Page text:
Ranipokhari lies in the heart of Kathmandu, with about fifteen minutes walk from Kathmandu Durbar Square. Rani Pokhari, meaning Queen's pond, is the artificial square-shaped pond with the temple of Shiva in the middle. The Rani in question was Pratap Malla's queen who in 1667 commissioned its construction in memory of their son, Chakravatendra Malla, who, following his father's abdication in favor of is four sons each of whom would rule for one year, died on the second day of his reign, apparently having been trampled by an elephant.[13]

The water with which the pond was originally filled was taken from fifty-one sacred rivers throughout Nepal and India, thus ensuring its sanctity. The temple in the middle of the pond has a domed roof reminiscent of classical Indian Mughal architecture and is surmounted by a copper spire. The main image is of the Shiva lingam, but other deities also feature. Four small shrines at each corner contain images of Bhirab, Harishankar, Shakti, and Tarkeshwari. On the southern embankment is a statue of an elephant carrying three passengers on its back, thought to be three of the male members of the Pratap Malla's family, while a fourth person is held in its trunk.[13]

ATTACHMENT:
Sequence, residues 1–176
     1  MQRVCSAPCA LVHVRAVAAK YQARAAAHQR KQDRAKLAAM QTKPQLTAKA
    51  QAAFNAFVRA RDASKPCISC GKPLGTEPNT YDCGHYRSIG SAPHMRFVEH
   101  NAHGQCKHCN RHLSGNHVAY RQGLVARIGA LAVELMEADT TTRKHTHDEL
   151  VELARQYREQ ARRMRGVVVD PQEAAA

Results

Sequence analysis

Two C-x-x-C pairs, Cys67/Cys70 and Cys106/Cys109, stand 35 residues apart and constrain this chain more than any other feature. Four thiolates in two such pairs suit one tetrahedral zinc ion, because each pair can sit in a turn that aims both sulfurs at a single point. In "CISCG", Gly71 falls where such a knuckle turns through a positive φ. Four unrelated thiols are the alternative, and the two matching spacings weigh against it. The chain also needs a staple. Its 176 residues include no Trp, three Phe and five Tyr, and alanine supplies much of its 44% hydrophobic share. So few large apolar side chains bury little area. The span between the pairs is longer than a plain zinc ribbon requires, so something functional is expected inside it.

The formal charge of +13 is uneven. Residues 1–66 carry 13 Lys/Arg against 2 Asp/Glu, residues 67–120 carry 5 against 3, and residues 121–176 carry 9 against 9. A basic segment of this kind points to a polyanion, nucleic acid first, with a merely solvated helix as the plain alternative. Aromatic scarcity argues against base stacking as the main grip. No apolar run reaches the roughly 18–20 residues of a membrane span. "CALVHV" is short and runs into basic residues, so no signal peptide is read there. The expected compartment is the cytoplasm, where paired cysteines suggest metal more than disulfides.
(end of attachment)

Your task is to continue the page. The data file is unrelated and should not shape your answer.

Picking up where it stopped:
Various myths and legends have come to be associated with Rani Pokhari over the years. It is said to be haunted by ghosts, including one especially seductive female spectre which managed to unnerve even the great Pratap Malla.[13]

The pond is fenced with iron bars, apparently to prevent suicide by drowning, and opened once a year during Bhaitika, the fifth and final day of Tihar.

Gai Jatra[edit]

The white spire temples, Anantapur and Pratapur, erected by Pratap Malla in 1646 in Swayambhu complex.

When King Pratap Malla lost his son, his wife, the queen, remained grief-stricken. The king was very sad to see the condition of his beloved queen. The king, in spite of several efforts, could not lessen the grief of his wife. He desperately wanted to see a little smile on her lips; so he announced that anyone who made the queen laugh would be rewarded adequately. During the festival of Gai jatra, the cow procession was brought before the grief-stricken queen. Then the participants began ridiculing and mocking the important people of the society. Finally, when the social injustices and other evils were highlighted and attacked mercilessly, the queen could not help but smile. The queen laughed and the king instituted a tradition of including jokes, satire, mockery and lampoon into the Gaijatra celebration. As per the traditions, every family who has lost a relative during that past year participates in a procession through the streets leading a cow. If a cow is unavailable, a young boy dressed as a cow is substituted.